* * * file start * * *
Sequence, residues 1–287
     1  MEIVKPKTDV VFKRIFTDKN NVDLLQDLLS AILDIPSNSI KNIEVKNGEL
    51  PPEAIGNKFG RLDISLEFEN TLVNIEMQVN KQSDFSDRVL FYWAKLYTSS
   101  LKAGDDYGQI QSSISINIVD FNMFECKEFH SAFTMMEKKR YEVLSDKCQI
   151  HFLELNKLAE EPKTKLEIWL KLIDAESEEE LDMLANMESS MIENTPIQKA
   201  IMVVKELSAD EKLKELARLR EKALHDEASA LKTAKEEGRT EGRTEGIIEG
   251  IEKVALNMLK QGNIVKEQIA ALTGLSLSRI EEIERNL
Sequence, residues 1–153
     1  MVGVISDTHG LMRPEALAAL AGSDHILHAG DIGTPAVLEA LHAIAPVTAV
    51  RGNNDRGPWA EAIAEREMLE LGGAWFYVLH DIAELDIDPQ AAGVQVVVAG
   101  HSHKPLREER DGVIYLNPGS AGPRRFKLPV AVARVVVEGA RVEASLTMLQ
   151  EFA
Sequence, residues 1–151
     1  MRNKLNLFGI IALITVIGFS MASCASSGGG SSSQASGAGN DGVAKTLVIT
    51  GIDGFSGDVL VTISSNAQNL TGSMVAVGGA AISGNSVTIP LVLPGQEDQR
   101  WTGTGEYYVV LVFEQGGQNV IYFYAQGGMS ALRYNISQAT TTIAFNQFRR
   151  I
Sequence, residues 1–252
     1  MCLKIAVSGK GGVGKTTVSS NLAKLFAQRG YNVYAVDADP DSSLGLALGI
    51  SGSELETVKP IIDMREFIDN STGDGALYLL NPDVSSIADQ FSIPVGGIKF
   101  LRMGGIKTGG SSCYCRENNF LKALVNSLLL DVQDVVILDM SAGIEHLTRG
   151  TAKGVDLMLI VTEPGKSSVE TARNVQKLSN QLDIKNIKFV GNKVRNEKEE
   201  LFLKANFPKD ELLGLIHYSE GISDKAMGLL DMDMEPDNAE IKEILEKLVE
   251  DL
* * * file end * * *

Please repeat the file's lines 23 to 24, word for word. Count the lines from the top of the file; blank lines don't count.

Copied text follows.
   201  LFLKANFPKD ELLGLIHYSE GISDKAMGLL DMDMEPDNAE IKEILEKLVE
   251  DL